Notes From Hairenik
January 1, 2009

It has been snowing slowly but steadily in Yerevan during the past few days, casting a shroud of wintry magnificence throughout the city. It’s perfect weather for the New Year season I think. For once the city is tranquil, as most drivers tend not to drive in this slippery stuff since they can barely drive in the first place. Not to mention everyone is too busy drinking.

Indeed the continuous revelry has already begun. One week of merriment is upon us, to consume all you can manage to eat and drink to your heart’s content, with the usual assorted salads laden with sour cream and mayonnaise, dolma, and New Year’s ham (Armenians are big on ham for some reason). I can’t think of a better way to celebrate the coming of 2009. It’s the first time I’ve enjoyed the holidays in Armenia in four years, too long a wait.

Last night I watched the clock strike twelve at Anush’s parents’ home surrounded by food and drink before heading to her friend Ripa’s house, where I drank seven-year old Armenian brandy with her dad, Seyran (who incidentally works for Armenia Tree Project). He is a fantastic guy who loves to drink and laugh. But despite having drunk several shots after having a half-bottle of vodka during the last hours of 2008 I wasn’t very drunk, which impressed my host very much. Anush and I walked home shuffling through the snow and avoiding an all-too-common drunken fistfight that erupted on the corner of Sayat Nova and Khanjian. The snowflakes were very light, gently caressing our cheeks as if to comfort us with the hope of a prosperous new year.

Once again wishing all the best to everyone for 2009.

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Anonymous Anonymous said...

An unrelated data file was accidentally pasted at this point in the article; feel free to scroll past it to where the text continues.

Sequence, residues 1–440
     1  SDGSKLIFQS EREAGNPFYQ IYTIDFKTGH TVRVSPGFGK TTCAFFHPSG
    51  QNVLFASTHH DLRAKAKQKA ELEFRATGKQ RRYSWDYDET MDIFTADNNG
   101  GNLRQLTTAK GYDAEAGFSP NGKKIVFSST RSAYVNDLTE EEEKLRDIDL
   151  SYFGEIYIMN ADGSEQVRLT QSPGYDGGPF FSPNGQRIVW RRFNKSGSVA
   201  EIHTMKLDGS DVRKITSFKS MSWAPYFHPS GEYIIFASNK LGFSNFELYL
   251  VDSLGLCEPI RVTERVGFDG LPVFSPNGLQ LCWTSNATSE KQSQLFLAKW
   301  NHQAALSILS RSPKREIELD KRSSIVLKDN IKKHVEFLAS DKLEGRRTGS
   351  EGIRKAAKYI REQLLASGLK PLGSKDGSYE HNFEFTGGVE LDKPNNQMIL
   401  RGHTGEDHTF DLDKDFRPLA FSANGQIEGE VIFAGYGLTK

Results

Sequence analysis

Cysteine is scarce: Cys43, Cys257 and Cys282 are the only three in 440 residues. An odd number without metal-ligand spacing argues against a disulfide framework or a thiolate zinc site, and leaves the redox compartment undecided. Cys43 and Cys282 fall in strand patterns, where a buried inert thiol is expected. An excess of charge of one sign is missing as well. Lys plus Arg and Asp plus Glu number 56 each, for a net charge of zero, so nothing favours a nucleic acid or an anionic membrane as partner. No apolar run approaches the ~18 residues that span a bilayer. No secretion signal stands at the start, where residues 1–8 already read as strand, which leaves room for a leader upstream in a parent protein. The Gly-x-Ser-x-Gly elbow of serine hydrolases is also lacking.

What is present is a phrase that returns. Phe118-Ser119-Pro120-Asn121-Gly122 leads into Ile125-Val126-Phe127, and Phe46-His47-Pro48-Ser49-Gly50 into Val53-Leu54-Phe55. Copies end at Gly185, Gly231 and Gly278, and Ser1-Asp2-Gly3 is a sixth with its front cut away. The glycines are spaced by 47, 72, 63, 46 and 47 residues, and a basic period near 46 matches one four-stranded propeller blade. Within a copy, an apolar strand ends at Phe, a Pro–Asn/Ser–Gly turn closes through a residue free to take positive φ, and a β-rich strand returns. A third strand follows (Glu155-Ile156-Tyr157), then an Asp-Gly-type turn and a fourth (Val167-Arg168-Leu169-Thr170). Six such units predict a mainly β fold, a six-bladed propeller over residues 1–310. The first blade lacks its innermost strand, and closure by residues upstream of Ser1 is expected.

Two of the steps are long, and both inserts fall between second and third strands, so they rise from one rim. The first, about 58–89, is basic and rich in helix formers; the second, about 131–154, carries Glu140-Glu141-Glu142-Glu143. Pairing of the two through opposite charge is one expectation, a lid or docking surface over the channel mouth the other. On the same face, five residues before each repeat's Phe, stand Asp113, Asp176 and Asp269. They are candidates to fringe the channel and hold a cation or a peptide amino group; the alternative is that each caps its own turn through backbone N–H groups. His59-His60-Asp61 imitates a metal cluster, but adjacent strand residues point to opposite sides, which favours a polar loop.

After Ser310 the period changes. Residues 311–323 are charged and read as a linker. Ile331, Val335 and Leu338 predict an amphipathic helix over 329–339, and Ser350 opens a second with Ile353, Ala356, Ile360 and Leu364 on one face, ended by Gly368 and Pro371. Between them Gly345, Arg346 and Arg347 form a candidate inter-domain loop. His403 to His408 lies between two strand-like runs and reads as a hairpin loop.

I love reading your blog! I would like to know more about old skool cars. I want to bring a Lada Niva back home. I am also considering an electric version of the Lada OKA too.

Youtube (electric OKA)-

Electric OKA website:

It would be great to know your opinions on alternate energy and old skool Soviet Autos!

Sincerely, Ani

Blogger Christian Garbis said...
Well, I have written considerably about the Niva on this blog. In the Search field that appears at the top of the left margin of the Web page, type Niva and click Search to view a list of links to several posts.

If you really want a Niva take into consideration that you may be required to make several modifications so that it meets emissions requirements where you live. At one time they were selling the Niva in Canada, so if you are based in the US you may be able to get one there rather than bring one back from Armenia or elsewhere in Europe for instance. Also note that although they are easy to repair, parts for the Niva are hard to come by in countries where they are not common.

I don't know anything about the OKA, but if you are living in the US, I recommend buying a hybrid, like a Prius. The Civic by Honda is also a hybrid now from what I understand. Expect a reliable Russian car running on alternative energy in no less than 10 years. A large number of Russian cars are outfitted on the aftermarket to run on affordable, clean burning natural gas, which Russia is exporting all over the region, so something tells me Lada is not too concerned about making reliable vehicles that run on alternative energy.